The following is a staff writer post from MikeS. He is a married father of 2. So, with the cat, he ranks number 5 in the house. He loves numbers and helping people. Please leave any questions or comments below for either Mike or Crystal.
It’s that time of year again for my employer, Open Enrollment. It’s that one time a year that I can make changes to my health benefits for the following year. I normally make very few changes to my benefits. Most years, it is just seeing how much the premiums are changing and what, if any, changes I will need to make to my monthly budget. This year, was different. I am going to be making some big changes, mainly to keep my costs as flat as possible.
I have four main benefits that comprise my normal paycheck deductions: medical, dental, long-term disability and my flexible-spending account. The current medical plan that I have for my family has a $1,100 deductible per family member and a $5,000 out-of-pocket maximum for any family member. The maximum deductible for the family as a whole is $3,300 and the maximum out-of-pocket for the family is $9,000. There is co-insurance, generally only about 10% or 20%. Overall, it’s not a bad plan.
I currently pay $176 semi-monthly and my employer pays about twice that for me. The long-term disability is for 60% of my pay and costs me $7.51 semi-monthly. This goes along with the life insurance that I have after looking at a guide to life insurance. The dental insurance has a $50 deductible and I pay $16.96 semi-monthly. I have had issues with my teeth in the past, that’s why the deductible was so low. Finally, I contribute $62.50 semi-monthly to a flexible spending account which reimburses me for any additional medical expenses I pay for during the course of the year.
2014 Benefits Additions
There is a new benefit being added for 2014, a vision plan. Seeing as my wife wears contacts daily and I need glasses for long-distance, I was pretty excited about this new benefit. The cost seems entirely reasonable, $5.84 semi-monthly for coverage for the both of us. It covers an annual eye exam, as well as glasses or contacts. I know I haven’t had a full eye exam in about 10 years and my glasses also haven’t been updated in that time either. I easily see the coverage being worth it.
2014 Cost Changes
As always, the new year brings about changes to the costs. Normally, the cost increases are not too bad. This year, if I did not modify my benefits, I would have seen my costs increase about $70 a month. With a cost increase like that, I investigated how I could mitigate the impact to my bottom-line.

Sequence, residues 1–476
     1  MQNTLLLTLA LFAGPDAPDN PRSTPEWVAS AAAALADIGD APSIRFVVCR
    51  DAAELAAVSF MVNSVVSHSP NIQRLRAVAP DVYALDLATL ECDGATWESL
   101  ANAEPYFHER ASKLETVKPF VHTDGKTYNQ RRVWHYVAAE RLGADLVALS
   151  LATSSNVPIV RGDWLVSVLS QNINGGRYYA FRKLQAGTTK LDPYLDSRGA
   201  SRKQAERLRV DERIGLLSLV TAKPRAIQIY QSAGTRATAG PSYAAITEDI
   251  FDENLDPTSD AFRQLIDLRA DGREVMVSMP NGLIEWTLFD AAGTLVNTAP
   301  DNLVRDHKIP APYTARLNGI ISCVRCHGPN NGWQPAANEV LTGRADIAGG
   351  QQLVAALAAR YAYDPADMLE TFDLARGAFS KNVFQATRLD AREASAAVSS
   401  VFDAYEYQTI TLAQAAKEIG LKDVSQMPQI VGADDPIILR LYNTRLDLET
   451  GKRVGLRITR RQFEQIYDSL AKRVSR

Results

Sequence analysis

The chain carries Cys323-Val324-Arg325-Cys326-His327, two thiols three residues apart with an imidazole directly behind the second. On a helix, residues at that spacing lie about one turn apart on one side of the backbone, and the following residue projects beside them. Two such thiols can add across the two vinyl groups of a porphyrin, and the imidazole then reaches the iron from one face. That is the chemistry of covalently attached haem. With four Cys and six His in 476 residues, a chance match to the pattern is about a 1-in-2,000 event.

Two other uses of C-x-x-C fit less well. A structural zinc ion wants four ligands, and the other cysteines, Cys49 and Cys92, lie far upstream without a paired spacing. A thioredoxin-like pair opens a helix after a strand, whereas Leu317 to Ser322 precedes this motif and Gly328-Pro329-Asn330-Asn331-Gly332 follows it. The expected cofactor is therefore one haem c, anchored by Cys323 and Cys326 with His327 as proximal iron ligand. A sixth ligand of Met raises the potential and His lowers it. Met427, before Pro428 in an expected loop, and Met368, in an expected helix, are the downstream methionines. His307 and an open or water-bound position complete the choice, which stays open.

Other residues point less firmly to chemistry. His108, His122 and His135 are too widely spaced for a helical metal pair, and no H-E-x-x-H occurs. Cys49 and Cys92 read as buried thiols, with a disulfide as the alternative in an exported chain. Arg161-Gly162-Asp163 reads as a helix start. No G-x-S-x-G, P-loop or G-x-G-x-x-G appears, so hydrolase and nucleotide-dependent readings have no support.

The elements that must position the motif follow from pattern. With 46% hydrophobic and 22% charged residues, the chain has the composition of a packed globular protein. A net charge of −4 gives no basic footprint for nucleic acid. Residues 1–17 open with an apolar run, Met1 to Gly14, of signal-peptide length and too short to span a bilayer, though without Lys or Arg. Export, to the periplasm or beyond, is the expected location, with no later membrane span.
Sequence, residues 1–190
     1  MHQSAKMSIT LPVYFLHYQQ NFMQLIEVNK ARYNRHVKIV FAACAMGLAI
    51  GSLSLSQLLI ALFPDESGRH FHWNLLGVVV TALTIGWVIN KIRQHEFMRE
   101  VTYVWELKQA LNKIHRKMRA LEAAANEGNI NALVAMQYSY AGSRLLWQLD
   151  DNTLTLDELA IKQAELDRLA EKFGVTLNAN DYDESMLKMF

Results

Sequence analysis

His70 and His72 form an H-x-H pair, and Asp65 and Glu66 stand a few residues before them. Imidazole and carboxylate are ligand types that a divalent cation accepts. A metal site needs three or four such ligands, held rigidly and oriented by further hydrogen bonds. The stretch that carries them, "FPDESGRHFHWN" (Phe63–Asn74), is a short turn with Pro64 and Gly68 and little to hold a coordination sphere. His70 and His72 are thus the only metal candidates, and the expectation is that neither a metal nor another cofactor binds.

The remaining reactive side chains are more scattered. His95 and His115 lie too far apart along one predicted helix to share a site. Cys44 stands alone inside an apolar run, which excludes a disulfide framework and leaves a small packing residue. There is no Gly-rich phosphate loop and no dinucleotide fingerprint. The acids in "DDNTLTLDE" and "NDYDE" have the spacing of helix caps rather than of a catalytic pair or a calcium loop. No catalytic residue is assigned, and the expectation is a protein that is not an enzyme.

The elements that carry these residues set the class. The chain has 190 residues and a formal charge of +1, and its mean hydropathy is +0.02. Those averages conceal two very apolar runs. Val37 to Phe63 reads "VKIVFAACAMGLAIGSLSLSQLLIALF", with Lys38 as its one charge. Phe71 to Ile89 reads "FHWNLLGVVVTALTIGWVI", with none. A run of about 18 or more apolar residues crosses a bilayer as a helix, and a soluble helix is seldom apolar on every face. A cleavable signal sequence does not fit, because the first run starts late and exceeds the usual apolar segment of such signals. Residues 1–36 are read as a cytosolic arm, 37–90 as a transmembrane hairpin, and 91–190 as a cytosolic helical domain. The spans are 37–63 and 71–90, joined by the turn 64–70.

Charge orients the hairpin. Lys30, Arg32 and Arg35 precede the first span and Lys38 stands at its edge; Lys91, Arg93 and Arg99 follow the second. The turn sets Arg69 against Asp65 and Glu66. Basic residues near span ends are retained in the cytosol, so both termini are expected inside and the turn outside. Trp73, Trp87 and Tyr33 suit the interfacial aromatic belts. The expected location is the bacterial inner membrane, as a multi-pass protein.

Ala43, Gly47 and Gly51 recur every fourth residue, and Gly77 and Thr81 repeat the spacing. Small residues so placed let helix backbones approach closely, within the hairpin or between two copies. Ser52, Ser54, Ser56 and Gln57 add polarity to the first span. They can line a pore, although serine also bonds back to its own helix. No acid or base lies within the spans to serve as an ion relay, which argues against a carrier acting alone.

For the long-term disability, the cost increase was minimal ($0.17 semi-monthly) and I was unwilling to drop my coverage below 60%. For the dental insurance, the increase would have been about 66% ($16.96 to $28.21). I elected to change my deductible for the plan to $100 and my new cost will be $20.43. The biggest driver of the cost increase was the medical plan ($176.80 to $200.29). I decided to look at what other options I had for plans.
The only option to mitigate the premium increase was to choose the high-deductible plan. That cost was only $184.53. The biggest difference between the plans was how the deductible would be applied. The high-deductible plan has a $2,500 family deductible and the deductible applies to a few more items than my current plan. For the high-deductible plan, I would be eligible to open a healthcare savings account (HSA) and the company would contribute $800 to it. So, all of this meant a discussion with my wife and some analysis.
After some calculations and discussions with my wife, we opted for the high-deductible medical plan and maxing out the HSA with contributions totaling $6,550. We had been planning on setting aside money for medical expenses anyway; this just allows us to do so in a pre-tax manner. The combined premium savings and $800 company contribution were just too good to pass up.
We also opted for the higher-deductible dental plan to trim costs. I have been taking better care of my teeth over the last few years and as a result have had fewer cavities. During my analysis, I realized that our out-of-pocket medical costs would have been virtually unchanged this year had we been on the new plan. This gave some comfort to my wife that costs wouldn’t explode next year. We have also been fortunate enough this year to be able to bolster our emergency fund. That will help in case costs come in well above our projections.
Are your benefits changing next year?